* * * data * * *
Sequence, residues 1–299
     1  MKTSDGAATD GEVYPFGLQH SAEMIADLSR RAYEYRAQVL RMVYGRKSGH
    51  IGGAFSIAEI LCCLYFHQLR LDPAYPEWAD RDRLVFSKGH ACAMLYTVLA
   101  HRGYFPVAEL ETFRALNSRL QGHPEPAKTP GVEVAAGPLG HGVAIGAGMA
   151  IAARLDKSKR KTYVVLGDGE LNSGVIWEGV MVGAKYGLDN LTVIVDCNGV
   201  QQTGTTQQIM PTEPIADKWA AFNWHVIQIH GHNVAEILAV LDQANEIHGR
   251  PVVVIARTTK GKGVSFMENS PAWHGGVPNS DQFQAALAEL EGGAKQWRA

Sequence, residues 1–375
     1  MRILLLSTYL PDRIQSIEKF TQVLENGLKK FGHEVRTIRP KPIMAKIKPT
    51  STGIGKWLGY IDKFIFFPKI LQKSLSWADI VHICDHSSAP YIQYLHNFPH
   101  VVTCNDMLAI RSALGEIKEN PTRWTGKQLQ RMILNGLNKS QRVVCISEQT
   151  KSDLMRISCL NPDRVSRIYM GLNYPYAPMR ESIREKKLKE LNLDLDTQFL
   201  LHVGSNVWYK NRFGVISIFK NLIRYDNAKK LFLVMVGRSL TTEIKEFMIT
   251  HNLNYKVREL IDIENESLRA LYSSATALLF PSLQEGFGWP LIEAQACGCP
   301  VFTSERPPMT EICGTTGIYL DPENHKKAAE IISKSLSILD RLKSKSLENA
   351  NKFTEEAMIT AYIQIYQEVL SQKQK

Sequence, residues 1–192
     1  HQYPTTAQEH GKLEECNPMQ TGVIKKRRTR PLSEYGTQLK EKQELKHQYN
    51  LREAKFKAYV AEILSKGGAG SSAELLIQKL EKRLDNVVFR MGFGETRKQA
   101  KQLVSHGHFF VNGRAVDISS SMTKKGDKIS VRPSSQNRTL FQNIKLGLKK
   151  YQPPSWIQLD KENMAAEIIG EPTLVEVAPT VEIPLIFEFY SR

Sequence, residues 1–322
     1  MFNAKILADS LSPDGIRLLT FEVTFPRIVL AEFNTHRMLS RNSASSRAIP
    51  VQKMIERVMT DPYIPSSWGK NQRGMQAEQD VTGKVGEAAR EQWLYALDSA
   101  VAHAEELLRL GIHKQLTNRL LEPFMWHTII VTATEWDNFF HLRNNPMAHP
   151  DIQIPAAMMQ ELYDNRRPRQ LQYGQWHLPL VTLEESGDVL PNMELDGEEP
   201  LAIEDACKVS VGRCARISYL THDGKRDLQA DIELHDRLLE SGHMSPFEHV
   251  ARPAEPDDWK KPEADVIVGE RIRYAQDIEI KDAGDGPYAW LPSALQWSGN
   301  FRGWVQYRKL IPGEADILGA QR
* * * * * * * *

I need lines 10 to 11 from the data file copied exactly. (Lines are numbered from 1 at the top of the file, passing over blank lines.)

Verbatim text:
    51  STGIGKWLGY IDKFIFFPKI LQKSLSWADI VHICDHSSAP YIQYLHNFPH
   101  VVTCNDMLAI RSALGEIKEN PTRWTGKQLQ RMILNGLNKS QRVVCISEQT